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Old 03-18-2012, 09:58 PM   #1
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Air Conditioner Hum, advice?

One of the kids was sleeping out in the 'Stream last night and heard a "pop" sound in the middle of the night. Now I have a "hum" coming from the a/c unit.

The camper is parked in the back yard and connected to 30 amp shore power at all times. The A/C was not being used at the time, but did have the circuit breaker on. In fact, it hasn't been used since last summer.

This is the original Armstrong unit that came with the camper. Some work was done on it in the early '90's (new compressor) and looks like some of the electronics under the cover inside were replaced at some point. This humming sound is coming from that area, under the inside shroud in the cabin.

I've shut the circuit breaker off and plan to have a look at it tomorrow (no time today). Maybe crank it up with fire extinguisher in hand?

Any advice is appreciated.

Jim
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Old 03-18-2012, 10:16 PM   #2
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I am no rocket scientist, but the hum could be coming from the 'squirrel wheel' not turning...but wanting to turn so it can deliver air. My armstrong used to do that until I oiled it from up on top. Meantime I had to take the interior cover off and reach up inside at the time I started it, and would give the wheel a quick spin while watching my fingers. But they need oiling every once and awhile and a spray can of good lubricant (not WD 40) with an extension straw will get it oiled without having to take the whole thing out and turning it on it's side. Tell me if I am wrong.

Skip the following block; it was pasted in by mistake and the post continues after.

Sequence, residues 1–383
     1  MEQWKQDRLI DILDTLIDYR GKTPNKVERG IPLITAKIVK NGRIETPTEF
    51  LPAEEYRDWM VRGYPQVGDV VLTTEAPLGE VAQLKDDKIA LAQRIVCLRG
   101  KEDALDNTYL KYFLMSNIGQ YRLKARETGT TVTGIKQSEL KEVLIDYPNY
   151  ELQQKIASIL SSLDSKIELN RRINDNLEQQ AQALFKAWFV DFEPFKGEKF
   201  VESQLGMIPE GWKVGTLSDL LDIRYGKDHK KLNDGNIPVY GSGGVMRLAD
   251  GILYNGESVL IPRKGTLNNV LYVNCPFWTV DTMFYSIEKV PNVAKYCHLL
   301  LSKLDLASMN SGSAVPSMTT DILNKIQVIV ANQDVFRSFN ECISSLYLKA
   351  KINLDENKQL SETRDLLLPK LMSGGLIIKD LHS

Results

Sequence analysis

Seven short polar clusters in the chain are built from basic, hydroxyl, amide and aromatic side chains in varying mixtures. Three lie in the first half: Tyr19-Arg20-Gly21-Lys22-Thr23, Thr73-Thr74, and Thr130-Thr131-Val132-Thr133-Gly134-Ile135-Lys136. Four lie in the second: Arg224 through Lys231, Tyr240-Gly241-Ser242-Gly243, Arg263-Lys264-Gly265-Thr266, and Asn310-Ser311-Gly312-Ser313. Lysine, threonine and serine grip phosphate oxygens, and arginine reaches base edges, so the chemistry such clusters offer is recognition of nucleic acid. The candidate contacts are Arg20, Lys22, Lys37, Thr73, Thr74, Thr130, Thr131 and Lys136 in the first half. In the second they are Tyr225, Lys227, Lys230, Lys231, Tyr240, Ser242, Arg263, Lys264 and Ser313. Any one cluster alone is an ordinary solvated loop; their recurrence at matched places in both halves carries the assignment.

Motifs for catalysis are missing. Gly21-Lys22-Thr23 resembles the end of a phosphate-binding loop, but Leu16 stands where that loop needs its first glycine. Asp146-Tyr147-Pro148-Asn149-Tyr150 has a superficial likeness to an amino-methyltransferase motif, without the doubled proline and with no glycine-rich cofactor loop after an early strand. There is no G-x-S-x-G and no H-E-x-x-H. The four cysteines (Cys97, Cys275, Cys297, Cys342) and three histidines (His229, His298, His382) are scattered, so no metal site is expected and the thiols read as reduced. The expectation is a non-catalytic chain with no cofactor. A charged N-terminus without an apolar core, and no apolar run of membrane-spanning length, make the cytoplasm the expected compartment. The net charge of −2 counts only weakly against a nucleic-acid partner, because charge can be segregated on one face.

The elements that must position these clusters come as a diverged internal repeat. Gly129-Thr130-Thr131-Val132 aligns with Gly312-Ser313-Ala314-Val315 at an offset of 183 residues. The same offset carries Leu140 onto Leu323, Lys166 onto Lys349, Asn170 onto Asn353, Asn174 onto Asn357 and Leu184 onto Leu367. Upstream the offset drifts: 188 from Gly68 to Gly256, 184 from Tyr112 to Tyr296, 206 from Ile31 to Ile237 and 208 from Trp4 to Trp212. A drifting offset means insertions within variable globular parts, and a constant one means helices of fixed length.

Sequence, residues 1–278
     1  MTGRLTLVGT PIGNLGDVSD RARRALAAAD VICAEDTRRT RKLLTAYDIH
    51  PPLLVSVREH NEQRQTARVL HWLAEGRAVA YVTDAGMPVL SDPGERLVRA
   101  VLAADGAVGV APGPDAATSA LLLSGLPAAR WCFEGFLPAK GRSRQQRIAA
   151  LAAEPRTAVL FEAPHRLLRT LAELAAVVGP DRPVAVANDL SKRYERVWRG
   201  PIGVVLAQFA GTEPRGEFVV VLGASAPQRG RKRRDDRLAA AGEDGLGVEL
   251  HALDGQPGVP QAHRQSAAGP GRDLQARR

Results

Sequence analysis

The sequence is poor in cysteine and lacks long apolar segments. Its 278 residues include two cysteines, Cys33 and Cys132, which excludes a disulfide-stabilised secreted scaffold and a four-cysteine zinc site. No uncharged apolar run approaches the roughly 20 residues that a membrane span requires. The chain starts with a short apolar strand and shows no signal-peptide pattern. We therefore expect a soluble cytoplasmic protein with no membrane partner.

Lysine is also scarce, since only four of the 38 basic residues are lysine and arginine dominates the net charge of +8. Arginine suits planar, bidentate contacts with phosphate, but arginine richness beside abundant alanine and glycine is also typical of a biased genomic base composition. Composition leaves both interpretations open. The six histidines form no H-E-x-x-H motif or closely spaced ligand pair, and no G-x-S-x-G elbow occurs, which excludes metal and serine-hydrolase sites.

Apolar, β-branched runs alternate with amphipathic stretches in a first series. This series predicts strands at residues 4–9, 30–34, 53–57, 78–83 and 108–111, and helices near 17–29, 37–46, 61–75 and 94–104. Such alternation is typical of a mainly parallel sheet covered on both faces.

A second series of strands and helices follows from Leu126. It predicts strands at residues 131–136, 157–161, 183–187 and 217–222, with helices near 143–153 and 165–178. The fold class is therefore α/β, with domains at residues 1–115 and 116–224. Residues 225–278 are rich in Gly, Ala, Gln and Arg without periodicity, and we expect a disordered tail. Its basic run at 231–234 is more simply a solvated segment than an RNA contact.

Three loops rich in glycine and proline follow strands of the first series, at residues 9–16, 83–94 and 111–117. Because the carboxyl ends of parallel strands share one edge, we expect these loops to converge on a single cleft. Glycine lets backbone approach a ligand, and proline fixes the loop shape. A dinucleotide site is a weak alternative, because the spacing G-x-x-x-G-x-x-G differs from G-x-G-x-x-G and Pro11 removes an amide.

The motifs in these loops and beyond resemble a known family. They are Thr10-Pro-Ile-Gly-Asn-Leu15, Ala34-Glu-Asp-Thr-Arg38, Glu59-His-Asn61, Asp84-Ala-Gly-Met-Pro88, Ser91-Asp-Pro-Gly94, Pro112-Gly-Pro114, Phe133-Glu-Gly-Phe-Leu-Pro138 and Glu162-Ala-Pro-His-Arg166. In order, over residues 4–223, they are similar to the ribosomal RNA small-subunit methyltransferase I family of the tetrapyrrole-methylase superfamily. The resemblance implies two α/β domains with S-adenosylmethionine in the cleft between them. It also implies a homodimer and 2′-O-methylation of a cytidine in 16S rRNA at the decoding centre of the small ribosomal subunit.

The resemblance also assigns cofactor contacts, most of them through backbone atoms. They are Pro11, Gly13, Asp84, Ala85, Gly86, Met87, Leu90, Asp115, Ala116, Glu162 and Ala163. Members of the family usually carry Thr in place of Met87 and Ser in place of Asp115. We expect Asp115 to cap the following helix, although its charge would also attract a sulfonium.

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Old 03-18-2012, 10:23 PM   #3
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It's not turned on and hasn't been since last summer. In other words, It wasn't in use at the time this "pop" was heard. Hum started shortly thereafter. Make sense?

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Old 03-18-2012, 10:42 PM   #4
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Try a sound conduction test to check location for sure. Take inside AC cover off. Hold a short pipe or any solid piece of metal in contact with the AC chassis and put the other end in contact with your skull. It should be apparent if the AC truly is the source of the sound.

And/or use a short length of hose to isolate to specific location like using a stethoscope. One end up yonder, the next to your ear.
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Old 03-18-2012, 10:42 PM   #5
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This is the motor that runs the wheel. This is what I had to oil like crazy all over to get it lubed enough to come on by itself. But when it did not turn (the wheel itself) I would have to manually jumpstart it. I found out later that the hum was from the motor going out of service.
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Old 03-19-2012, 12:15 AM   #6
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The blower motor as well as the compressor motor are capacitor start motors. If the motor hums and you can spin the squirrel cage fan and it will run. It's a good chance the capacitor has failed.
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Old 03-19-2012, 05:40 AM   #7